Action Plan for Multiple Species of Atlantic Coastal Plain Flora in Canada - 2016 (Proposed)

Species at Risk Act
Action Plan Series

Pink Coreopsis
Thread-leaved Sundew
Water Pennywort
Goldencrest
Plymouth Gentian

Photo of multiple species of Atlantic Coastal Plain Flora
Photos from the Wildlife Division, NS Department of Natural Resources (NS DNR)

Table of Contents


Document Information

Action Plan for Multiple Species of Atlantic Coastal Plain Flora in Canada - 2016 (Proposed)

Cover photo of document

Recommended citation

Environment and Climate Change Canada. 2016. Action Plan for Multiple Species of Atlantic Coastal Plain Flora in Canada [Proposed]. Species at Risk Act Action Plan Series. Environment and Climate Change Canada, Ottawa. v + 18 pp.

For copies of the action plan, or for additional information on species at risk, including the Committee on the Status of Endangered Wildlife in Canada (COSEWIC) Status Reports, residence descriptions, recovery strategies, and other related recovery documents, please visit the Species at Risk (SAR) Public Registry.

Cover illustration: Atlantic Coastal Plain Flora lakeshore habitat, Tusket River, Nova Scotia; inset photos (from left) Goldencrest (Lophiola aurea), Pink Coreopsis (Coreopsis rosea), Thread leaved Sundew (Drosera filiformis), and Plymouth Gentian (Sabatia kennedyana). Photos from the Wildlife Division, NS Department of Natural Resources (NS DNR).

Également disponible en français sous le titre « Plan d'action plurispécifique pour la flore de la plaine côtière de l'Atlantique au Canada [Proposition] »

Content (excluding the illustrations) may be used without permission, with appropriate credit to the source.

Preface

The federal, provincial, and territorial government signatories under the Accord for the Protection of Species at Risk (1996) agreed to establish complementary legislation and programs that provide for effective protection of species at risk throughout Canada. Under the Species at Risk Act (S.C. 2002, c.29) (SARA), the federal competent ministers are responsible for the preparation of action plans for species listed as Extirpated, Endangered, and Threatened for which recovery has been deemed feasible. They are also required to report on progress within five years after the publication of the final document on the SAR Public Registry.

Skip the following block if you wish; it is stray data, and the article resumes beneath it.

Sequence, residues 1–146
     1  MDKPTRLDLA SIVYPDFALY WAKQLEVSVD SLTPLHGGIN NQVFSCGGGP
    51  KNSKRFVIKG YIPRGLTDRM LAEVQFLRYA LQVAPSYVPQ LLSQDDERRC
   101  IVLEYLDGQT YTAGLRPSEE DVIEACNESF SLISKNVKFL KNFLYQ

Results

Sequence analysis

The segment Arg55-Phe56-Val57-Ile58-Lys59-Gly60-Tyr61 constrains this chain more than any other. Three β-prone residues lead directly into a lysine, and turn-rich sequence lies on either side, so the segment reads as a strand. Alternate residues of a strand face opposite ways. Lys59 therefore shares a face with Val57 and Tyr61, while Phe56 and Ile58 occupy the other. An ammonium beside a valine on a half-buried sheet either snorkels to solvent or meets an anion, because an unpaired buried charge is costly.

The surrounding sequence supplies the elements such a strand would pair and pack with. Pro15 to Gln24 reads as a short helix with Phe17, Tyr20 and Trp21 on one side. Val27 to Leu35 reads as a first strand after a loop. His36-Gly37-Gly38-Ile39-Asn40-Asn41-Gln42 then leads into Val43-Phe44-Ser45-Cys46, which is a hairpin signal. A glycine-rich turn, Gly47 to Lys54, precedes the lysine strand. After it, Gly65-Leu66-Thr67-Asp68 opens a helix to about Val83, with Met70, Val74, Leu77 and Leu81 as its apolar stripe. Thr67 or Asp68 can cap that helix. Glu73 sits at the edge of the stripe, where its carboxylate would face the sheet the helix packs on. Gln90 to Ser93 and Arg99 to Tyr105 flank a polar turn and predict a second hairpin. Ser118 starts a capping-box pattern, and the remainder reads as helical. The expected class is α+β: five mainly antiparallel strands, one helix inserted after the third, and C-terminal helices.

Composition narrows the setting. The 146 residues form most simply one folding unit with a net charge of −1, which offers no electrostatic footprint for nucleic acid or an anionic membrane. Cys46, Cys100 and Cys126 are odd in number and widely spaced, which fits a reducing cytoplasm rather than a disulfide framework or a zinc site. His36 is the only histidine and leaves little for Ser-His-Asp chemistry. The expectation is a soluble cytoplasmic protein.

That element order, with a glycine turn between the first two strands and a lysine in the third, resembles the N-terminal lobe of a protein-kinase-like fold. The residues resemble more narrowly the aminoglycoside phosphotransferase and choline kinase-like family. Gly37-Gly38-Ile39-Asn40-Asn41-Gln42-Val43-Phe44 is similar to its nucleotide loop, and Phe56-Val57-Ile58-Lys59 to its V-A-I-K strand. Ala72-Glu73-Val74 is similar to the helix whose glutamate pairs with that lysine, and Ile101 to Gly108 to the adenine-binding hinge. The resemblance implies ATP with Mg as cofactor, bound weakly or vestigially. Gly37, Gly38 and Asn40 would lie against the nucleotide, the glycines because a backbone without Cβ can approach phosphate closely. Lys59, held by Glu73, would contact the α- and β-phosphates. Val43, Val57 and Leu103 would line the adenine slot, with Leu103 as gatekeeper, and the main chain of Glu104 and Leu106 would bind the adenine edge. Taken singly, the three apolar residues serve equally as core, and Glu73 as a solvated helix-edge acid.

Under SARA, one or more action plan(s) provides the detailed recovery planning that supports the strategic direction set out in the recovery strategy for the species. The plan outlines what needs to be done to achieve the population and distribution objectives (previously referred to as recovery goals and objectives) identified in the recovery strategy, including the measures to be taken to address the threats and monitor the recovery of the species, as well as the proposed measures to protect critical habitat that has been identified for the species. The action plan also includes an evaluation of the socio-economic costs of the action plan and the benefits to be derived from its implementation. The action plan is considered one in a series of documents that are linked and should be taken into consideration together. Those being the COSEWIC status report, the recovery strategy, and one or more action plans.

The Minister of Environment and Climate Change is the competent minister under SARA for the Pink Coreopsis, Thread-leaved Sundew, Water Pennywort, Goldencrest and Plymouth Gentian and has prepared this action plan to implement the recovery strategy, as per section 47 of SARA. The minister responsible for the Parks Canada Agency (PCA) is a competent minister for the Water Pennywort, where the species occurs on lands administered by PCA. To the extent possible, it has been prepared in cooperation with the Province of Nova Scotia, the Atlantic Coastal Plain Flora (ACPF) Recovery Team, environmental non-government organizations, industry stakeholders, aboriginal groups, and private landowners, as per section 48(1) of SARA.

Success in the recovery of these species depends on the commitment and cooperation of many different constituencies that will be involved in implementing the directions and actions set out in this action plan and will not be achieved by Environment and Climate Change Canada or Parks Canada Agency, or any other jurisdiction alone. All Canadians are invited to join in supporting and implementing this action plan for the benefit of the Pink Coreopsis, Thread-leaved Sundew, Water Pennywort, Goldencrest and Plymouth Gentian, and Canadian society as a whole.

Implementation of this action plan is subject to appropriations, priorities, and budgetary constraints of the participating jurisdictions and organizations.